Billed as the second and last half of Hammer Films' co-production deal with Hong Kong's Shaw brothers, "Shatter" is an obvious commercial fusion of elements from various popular styles at the time: a revenge formula, patterned after "Point Blank;" the karate film; and the urban feel of a blaxploitation movie, using a pop-jazz soundtrack and groovin' theme.
As detailed on the disc's fairly concise commentary track, "Shatter" was ideally designed to be the lead-in to a TV series for Stuart Whitman - a classic journeyman actor who has made a career delivering solid performances in film and television projects around the globe. (Best-known as the lead for "Those Magnificent Men In Their Flying Machines," Whitman's career highlight remains his Oscar-Nominated role as a child molester released from prison, in the 1961 British film "The Mark.")
As the "Shatter" co-director Monte Hellman relates, various problems slowed down the production until he was fired for slipping way behind schedule. Call it the Sweet Revenge commentary, where the ousted director can finally explain what happened (the production shared crew members with two other projects, resulting in sets/props/locations not available when scheduled); what footage was directed by co-producer Michael Carreras; and the many difficulties of international co-productions.
Moderator Norman Hill asks the right questions, and besides "Shatter" details, Hellman recalls working at ABC as an apprentice editor, his involvement with director Sam Peckinpah, and starting out with Roger Corman (who had co-invested in a theatre unit Hellman had been working with before joining Corman's film company).
Stuart Whitman's contributions to the track are very small. Recorded shortly after the actor's 70th birthday and being awarded a star on the Hollywood Walk of Fame, Whitman is a man of few words, though he mentions his own 3-day sit-down, designed to protest Hellman's dismissal (an act he previously employed on the 1960 film "Murder Inc." where director Stuart Rosenberg was replaced by Burt Balaban). There's also an amusing story regarding Whitman's fleeting connection with a certain Hawaiian TV project.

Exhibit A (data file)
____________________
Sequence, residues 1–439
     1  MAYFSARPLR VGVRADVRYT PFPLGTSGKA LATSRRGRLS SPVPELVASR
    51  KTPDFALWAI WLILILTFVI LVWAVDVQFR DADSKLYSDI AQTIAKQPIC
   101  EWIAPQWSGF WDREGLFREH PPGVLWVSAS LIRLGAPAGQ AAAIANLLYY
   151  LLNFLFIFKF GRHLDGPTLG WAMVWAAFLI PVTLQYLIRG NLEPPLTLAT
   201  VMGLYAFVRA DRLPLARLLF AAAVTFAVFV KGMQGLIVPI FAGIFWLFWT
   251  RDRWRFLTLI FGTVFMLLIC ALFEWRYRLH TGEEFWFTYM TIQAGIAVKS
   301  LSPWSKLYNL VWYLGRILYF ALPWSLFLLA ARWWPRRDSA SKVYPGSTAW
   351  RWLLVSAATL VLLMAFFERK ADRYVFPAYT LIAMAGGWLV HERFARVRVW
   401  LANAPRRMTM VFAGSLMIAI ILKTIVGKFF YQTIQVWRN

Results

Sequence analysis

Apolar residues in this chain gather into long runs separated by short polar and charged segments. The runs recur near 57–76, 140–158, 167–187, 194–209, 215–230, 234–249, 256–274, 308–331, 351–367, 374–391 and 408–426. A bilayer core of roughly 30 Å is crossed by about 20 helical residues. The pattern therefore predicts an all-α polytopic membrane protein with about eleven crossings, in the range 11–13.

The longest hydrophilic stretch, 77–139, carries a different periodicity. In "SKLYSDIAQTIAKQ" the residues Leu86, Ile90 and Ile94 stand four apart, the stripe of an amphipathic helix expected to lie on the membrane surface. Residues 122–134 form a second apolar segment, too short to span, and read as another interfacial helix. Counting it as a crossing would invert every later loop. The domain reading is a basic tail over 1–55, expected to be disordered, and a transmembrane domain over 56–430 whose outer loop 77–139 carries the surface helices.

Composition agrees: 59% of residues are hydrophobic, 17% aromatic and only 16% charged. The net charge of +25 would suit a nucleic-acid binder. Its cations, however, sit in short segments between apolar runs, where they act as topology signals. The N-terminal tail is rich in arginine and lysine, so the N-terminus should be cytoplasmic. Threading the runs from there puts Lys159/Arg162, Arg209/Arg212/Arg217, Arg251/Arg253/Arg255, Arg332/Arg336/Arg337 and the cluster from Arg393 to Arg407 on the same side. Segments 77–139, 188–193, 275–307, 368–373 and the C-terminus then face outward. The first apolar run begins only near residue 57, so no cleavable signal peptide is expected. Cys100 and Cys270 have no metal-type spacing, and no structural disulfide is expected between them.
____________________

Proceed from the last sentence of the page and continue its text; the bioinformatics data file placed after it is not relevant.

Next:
Much of Whitman's recollections (recorded separately) are intercut between Hellman's passages, and are regrettably negligible; rather disappointing, since his work has involved some stellar directors and colourful actors in his fifty-year career. The Whitman segments are sonically a bit muddy, something that could have been fixed to unify the bass levels between the three participating commentators.
Anchor Bay's transfer uses a fairly decent print, and given three cinematographers worked on the project, any differences in grain and colour schemes are understandable. The real stars of the film are the Hong Kong locations and scenic views which show off a city before the level of construction obliterated more greenery and rare open plots. In dealing with a hit man on the run, we're treated to a lots of grungy, often decaying, apartment buildings and clogged streets with food stands and angry traffic. The kung fu scenes are average, though fans of "A Better Tomorrow" will find it a treat to see a much leaner Ti Lung.
The disc's other extras include a theatrical trailer (in very nice condition), two fuzzy but watchable TV spots (which borrow the 'Mr. Tibbs' tagline "Call him Mr. Shatter"), and an episode of the "World of Hammer." The short special from 1990 (incorrectly titled on the box and menu as "Thriller") features a montage of sequences from various Hammer productions (with spoilers); each film includes intro narration from Oliver Reed, and about 3 minutes of "Shatter" clips appear at the (15:19) mark. Quality of the clips - from the 1950s to the 1970s - are quite good, and merely whet the appetites of fans hungry for more classic British thrillers.
© 2002 Mark R. Hasan